Japan’s population has been declining since 2009. In 2009, the population was 128.56 million and is expected to be 126.48 million by the end of 2020. The population is expected to fall below 100 million by 2058.
The main cause of Japan’s population decline is the rapidly decreasing number of births, which is currently at the lowest it has been since data started being collected in 1899. In 2019, only 864,000 babies were born in Japan – 54,000 less than the number from 2018. The fertility rate in Japan is 1.4 births per woman – far below the population replacement of 2.1.
Japan's efforts to increase its birth rate have been unsuccessful and the country's population is slowly declining. Some blame the economy, stating that childcare is too expensive and there is a lack of stable, well-paying jobs that would allow men to provide for their families.
Japan Population Growth
Japan’s population began to decline in 2011. The nation’s birthrate is at its lowest since 1899, with fewer babies being born each year than the previous year. In 2018, there were less than 1 million babies born for the third year in a row and a fertility rate of only 1.45 births per woman.
One reason that the Japanese birth rate may be so low is the lack of good jobs for Japanese men, who are still expected to be the breadwinners and provide for their families. The lack of good, well-paying jobs in the market is preventing men and their partners from starting families because they cannot afford to do so.
Incentives to have more children are also being announced, but as a whole, the country is just starting to feel the effects of a post-war baby boom, many of whom are now nearing the end of their years.
Slowing population growth and an aging population are creating more than a headache for the island nation, as this problem is shrinking its pool of taxable citizens, causing the social welfare costs to skyrocket, and has led to Japan becoming the most indebted industrial nation with public debt that is double its economy.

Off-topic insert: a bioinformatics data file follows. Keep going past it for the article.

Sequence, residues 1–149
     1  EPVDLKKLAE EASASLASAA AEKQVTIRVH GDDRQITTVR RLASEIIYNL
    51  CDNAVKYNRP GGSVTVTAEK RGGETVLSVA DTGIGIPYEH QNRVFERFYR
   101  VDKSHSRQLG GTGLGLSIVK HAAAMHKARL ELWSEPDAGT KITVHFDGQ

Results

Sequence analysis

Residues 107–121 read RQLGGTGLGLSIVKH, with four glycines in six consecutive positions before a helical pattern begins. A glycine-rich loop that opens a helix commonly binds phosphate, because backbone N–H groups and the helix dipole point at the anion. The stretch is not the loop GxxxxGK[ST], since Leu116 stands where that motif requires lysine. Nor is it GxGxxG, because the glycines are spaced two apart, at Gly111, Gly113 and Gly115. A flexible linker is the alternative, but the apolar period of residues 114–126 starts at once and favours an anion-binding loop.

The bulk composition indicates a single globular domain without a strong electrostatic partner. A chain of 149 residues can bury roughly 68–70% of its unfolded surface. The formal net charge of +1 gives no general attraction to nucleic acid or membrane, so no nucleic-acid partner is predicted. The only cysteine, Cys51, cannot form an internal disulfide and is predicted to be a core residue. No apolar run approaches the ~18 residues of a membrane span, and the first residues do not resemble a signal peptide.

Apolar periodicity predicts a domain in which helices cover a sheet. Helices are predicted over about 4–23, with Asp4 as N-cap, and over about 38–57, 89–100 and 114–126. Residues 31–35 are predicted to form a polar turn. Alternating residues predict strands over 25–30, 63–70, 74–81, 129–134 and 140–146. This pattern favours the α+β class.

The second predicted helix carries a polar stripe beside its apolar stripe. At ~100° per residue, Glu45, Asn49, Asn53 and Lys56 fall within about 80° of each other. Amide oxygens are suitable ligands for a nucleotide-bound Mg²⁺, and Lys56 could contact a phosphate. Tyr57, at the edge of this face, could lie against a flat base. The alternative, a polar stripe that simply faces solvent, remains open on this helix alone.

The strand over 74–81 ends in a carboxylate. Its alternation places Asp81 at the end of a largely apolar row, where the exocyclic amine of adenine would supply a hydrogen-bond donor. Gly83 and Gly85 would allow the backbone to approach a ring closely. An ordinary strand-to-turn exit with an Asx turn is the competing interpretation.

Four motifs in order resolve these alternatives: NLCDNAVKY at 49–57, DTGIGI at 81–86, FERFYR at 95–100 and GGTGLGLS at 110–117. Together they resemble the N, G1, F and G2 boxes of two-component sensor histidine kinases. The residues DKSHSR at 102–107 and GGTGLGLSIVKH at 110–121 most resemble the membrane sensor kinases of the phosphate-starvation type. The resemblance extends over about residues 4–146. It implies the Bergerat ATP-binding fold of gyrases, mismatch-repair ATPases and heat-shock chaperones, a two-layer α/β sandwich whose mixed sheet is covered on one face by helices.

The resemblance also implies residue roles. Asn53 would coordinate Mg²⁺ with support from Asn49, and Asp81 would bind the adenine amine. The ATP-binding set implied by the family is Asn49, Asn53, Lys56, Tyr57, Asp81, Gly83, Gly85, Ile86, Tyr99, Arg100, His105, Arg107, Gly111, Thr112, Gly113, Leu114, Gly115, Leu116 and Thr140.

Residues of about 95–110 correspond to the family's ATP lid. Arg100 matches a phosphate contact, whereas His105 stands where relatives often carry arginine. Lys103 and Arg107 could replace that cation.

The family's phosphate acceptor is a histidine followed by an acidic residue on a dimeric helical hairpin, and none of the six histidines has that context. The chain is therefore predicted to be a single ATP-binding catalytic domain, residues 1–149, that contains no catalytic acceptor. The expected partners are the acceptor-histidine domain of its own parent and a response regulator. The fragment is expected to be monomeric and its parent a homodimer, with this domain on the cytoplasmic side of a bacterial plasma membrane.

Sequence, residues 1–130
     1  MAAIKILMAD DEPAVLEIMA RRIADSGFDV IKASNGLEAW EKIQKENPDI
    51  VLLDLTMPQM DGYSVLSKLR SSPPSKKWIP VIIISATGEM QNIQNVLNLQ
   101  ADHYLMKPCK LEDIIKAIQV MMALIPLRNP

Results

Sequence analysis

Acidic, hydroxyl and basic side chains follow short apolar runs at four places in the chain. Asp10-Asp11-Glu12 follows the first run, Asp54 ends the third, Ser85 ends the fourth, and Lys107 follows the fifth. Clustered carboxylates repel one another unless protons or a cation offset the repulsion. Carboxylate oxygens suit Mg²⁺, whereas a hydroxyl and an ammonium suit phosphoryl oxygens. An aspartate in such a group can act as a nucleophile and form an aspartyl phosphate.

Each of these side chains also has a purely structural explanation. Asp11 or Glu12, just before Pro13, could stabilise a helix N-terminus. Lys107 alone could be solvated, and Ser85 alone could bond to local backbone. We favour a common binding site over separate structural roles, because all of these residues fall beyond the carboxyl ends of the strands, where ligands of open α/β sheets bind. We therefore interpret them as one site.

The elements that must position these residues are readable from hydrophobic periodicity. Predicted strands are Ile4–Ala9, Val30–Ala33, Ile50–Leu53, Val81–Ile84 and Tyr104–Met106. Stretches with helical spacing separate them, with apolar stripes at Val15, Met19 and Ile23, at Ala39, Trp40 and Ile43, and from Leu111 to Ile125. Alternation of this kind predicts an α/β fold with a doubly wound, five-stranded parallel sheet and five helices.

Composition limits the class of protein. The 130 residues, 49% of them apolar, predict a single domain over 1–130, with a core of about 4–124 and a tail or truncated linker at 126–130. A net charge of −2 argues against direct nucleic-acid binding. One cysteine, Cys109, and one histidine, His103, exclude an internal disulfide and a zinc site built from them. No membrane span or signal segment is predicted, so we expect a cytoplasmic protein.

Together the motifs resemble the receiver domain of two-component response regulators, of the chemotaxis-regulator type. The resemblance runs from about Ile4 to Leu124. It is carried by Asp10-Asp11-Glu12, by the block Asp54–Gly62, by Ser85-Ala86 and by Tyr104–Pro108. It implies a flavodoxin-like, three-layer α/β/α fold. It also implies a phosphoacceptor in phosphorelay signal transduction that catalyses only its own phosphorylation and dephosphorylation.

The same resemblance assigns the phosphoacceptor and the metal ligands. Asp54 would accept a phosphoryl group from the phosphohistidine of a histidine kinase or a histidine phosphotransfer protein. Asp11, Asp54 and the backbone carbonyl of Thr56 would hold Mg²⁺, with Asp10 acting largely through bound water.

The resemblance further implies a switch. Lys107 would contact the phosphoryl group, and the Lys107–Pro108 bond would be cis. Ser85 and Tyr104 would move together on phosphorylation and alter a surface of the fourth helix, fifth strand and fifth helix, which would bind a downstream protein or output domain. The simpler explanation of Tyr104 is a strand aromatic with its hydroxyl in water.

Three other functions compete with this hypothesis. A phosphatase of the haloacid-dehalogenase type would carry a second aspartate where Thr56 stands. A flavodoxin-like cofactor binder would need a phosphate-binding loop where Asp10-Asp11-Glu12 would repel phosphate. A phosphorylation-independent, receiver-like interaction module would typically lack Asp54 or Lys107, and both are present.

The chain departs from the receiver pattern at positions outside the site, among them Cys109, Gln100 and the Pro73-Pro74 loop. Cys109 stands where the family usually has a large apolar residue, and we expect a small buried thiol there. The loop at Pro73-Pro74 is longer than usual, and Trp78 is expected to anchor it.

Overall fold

Japan's population growth rate declined in 2015 to -0.07%. Combined with an aging population, Japan loses population numbers each year equivalent to a midsized city.
Japan Population Projections
The National Institute of Population and Social Security Research estimates that Japan’s population will decrease to 100 million people by 2049 from where it is now at 127 million and will continue to decrease to just above 50 million by 2100. Japan’s population decline has several social and economic repercussions, such as one-third of the population being elderly by 2036 and a lack of working-age people to help keep the economy growing.
The difference between rising death rates and lower birth rates is also clearly a factor with low fertility rates among women shouldering part of the blame. Experts attribute Japan's low growth to the high cost of raising children in the country, the growing number of women who choose to work longer and have a career rather than have children, and Japan's reluctance to accept immigrants.
Another statistic that doesn’t help the population decline is the alarming number of suicides in young people.